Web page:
Last August, Niki Mock drove her pickup truck from Bethesda to Southeast Washington, D.C., to deliver five refurbished laptops with web cameras just in time for Jamie Youngblood’s youngest kids to begin remote learning classes. She also brought donated bikes, scooters and clothing to Youngblood’s home.
“We were so excited,” says Youngblood, 44, whose nine children range in age from 7 to 25.
Mock and Youngblood stayed in touch after that visit and Mock has returned to Youngblood’s home several times, once hauling a sofa bed and a large dining room table that now serves as a remote-learning desk for the six school-age kids, and other times to drop off Halloween costumes and food at Thanksgiving.
“Anything I’ve asked Niki for, she has helped. She’s unbelievable,” says Youngblood, who has become friends with Mock. “I don’t even think she understands how much of a difference she’s made in our lives.”
For years, Mock, 62, has been doing what she can, often delivering food and donations, to help residents of the District’s Wards 7 and 8, where median family income is about one-third of what it is for Montgomery County residents, according to recent data. She began meeting people in the Southeast neighborhoods nearly 30 years ago when she brought gifts to children as part of a charity holiday project and then started volunteering at a local school, where she also donated gently used and new books. “The kids do not see black or white. I felt really welcomed, loved and needed there,” says Mock, who has three adult children.
With the economic crisis caused by the coronavirus pandemic, the needs of families in Southeast D.C. have intensified—and so has Mock’s response. The freelance video producer put her work on hold over the past year to dedicate her time to collecting and then delivering used bikes, furniture and household items. She and other volunteers who’ve joined her effort monitor group email lists of neighborhoods mostly in Montgomery County to find things that people are giving away and then distribute them to families in Southeast.
Mock often learns about people in need, such as Youngblood, through Kiesha Davis, 31, who lives in Ward 8. She met Davis in December 2019 when both were volunteering at a toy and bike giveaway in Southeast. When it became apparent that there weren’t enough bikes for every child who wanted one, Mock and Davis collected the names of the disappointed families.
Returning to Bethesda, Mock posted a request on her Facebook page and the Nextdoor app, a social networking site for neighborhoods. Within two weeks she collected about 40 bikes—enough for every child on the list. She found volunteers to help fix those that needed repair and then delivered the bikes in her pickup truck. “We took a bad situation and turned it into a blessing,” Davis says.
Another contact in the community, Tawana Baylor, 54, says Mock has earned her trust and that of her neighbors through her regular visits. With so many parents out of work because of the pandemic, Baylor has been providing nearly 100 meals each week to the children in her apartment building through a combination of donations, including grocery store gift cards and food from Mock.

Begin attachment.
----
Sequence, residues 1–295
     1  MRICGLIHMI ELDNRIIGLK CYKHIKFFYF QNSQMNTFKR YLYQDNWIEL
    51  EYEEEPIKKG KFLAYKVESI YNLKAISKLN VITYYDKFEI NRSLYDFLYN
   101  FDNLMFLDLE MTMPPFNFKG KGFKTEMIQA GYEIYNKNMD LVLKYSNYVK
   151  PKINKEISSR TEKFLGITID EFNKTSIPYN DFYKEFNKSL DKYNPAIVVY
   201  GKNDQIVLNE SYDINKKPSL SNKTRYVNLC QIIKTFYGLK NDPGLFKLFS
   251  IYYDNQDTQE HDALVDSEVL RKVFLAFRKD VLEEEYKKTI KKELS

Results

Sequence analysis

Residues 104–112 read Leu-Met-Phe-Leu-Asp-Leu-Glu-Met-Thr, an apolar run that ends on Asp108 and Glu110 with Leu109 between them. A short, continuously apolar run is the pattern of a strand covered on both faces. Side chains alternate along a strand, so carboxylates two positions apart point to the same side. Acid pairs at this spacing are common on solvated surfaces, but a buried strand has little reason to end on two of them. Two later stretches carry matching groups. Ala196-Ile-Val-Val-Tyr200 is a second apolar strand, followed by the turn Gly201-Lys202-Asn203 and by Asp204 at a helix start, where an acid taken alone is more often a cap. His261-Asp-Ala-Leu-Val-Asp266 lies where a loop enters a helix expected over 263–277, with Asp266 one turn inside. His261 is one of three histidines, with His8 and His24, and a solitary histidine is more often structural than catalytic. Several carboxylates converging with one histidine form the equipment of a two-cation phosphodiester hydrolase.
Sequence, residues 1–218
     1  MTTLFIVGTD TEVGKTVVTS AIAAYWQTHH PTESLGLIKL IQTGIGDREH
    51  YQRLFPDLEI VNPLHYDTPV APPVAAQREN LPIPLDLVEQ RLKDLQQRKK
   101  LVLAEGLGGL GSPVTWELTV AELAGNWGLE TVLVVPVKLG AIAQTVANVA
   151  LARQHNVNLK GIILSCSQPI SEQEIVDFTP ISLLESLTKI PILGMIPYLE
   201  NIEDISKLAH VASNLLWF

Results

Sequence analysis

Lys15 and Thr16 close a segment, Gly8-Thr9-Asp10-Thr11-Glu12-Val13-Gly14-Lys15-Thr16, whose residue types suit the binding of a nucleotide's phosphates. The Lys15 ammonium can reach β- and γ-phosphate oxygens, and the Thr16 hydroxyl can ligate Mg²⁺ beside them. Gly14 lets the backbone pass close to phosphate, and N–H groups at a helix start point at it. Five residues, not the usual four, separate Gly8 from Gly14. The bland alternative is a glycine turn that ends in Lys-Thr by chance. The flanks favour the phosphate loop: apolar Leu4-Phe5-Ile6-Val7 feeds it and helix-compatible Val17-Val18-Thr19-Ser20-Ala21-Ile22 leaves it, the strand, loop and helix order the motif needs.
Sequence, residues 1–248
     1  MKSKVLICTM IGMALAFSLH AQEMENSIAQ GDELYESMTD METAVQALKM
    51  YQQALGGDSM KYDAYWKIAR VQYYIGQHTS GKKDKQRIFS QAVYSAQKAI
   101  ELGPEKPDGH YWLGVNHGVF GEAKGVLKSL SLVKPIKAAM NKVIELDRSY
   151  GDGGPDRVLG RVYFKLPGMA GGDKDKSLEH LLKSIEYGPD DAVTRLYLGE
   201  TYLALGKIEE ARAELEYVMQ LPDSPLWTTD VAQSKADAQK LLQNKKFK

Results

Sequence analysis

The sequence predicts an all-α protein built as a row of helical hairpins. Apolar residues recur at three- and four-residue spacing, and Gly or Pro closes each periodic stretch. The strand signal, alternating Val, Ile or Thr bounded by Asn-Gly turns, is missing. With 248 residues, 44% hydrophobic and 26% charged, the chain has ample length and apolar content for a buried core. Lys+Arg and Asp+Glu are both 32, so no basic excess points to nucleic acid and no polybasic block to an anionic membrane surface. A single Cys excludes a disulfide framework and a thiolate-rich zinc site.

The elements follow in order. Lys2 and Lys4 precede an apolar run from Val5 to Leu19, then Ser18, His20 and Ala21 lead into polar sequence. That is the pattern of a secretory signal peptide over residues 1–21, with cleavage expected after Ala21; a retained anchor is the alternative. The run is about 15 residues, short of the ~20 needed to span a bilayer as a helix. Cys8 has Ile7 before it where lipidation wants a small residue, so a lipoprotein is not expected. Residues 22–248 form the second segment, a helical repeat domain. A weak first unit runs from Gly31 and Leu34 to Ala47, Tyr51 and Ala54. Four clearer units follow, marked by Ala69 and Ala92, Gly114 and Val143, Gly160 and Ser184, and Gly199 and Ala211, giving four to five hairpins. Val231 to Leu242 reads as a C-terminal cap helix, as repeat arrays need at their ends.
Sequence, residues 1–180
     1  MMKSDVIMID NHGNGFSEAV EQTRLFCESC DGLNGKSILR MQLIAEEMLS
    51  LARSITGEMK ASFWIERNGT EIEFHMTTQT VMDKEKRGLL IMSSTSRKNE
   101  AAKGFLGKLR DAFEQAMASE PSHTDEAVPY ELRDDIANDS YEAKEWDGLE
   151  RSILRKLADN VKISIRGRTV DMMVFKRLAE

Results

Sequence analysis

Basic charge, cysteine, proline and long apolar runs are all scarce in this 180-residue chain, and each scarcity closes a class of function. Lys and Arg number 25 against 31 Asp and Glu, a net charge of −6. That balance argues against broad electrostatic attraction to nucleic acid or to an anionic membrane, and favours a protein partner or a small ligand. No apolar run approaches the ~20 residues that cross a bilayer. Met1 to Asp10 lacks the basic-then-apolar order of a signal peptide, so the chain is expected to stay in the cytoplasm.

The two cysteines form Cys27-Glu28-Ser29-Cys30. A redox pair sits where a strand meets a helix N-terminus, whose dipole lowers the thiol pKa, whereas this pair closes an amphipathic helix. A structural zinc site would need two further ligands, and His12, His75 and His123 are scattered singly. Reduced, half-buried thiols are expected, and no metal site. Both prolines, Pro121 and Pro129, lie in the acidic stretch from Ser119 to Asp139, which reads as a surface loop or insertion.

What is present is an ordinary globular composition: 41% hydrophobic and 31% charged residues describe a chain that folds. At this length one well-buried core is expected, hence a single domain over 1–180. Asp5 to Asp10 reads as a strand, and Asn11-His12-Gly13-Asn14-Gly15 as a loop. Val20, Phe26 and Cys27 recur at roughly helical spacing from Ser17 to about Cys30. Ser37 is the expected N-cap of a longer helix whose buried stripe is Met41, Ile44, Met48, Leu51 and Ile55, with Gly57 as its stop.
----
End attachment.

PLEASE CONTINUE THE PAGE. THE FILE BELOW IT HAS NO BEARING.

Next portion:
“The kids love her—and they don’t take to everybody. We’ve made her part of our family now around here,” Baylor says. “Most people bring gifts and take pictures just to try to look good. [Mock] sits around here with us. When you sit and try to get to know [the kids], then I know you care.”
Mock says she has been inundated with donations over the past year, especially during the months when most nonprofits were closed and not accepting items. Furniture and boxes of items occasionally sit on her wraparound front porch for a few days before she’s able to deliver them. “All of a sudden, it exploded with people bringing me furniture,” Mock says. “It sort of took on a life of its own.”
Mock estimates she’s collected about 500 bikes, 250 refurbished laptops and thousands of children’s books. Donated items also helped furnish about 40 apartments. Her husband, Phil Leibovitz, grew tired of Mock borrowing his truck, so last summer he bought her the white pickup that she uses to make deliveries two to three times a week. She admits to being “a little obsessed” with her efforts to help the families, but says she feels compelled to keep going as long as there’s a need.
To stay in touch with everyone, Mock now has nearly 500 contacts in her cellphone and fills pages of legal pads with details of requests and deliveries. She recently secured space at a nonprofit in Southeast to store donations, and hopes to find volunteers who can help her craft a more sustainable model for collections and deliveries.
Four volunteers repair donated bikes for free, and Mock’s efforts have motivated several other people to collect items regularly, including Roxana van der Mensbrugghe. After seeing Mock’s social media posts, the Potomac resident emailed her neighbors asking for unwanted household items. She has gathered TVs, dressers, computers, phones, scooters and bikes that Mock picks up from her home. “I admire her, doing this by herself most of the time,” she says of Mock’s informal giving network. “She’s a doer. There’s no bureaucracy.”
“I love the people on both ends. I’m awed by the generosity of the people that help me,” Mock says. “On the other end, there are moms who I can’t imagine how they get through the day and make everything happen. I feel privileged that I get to see all of this.”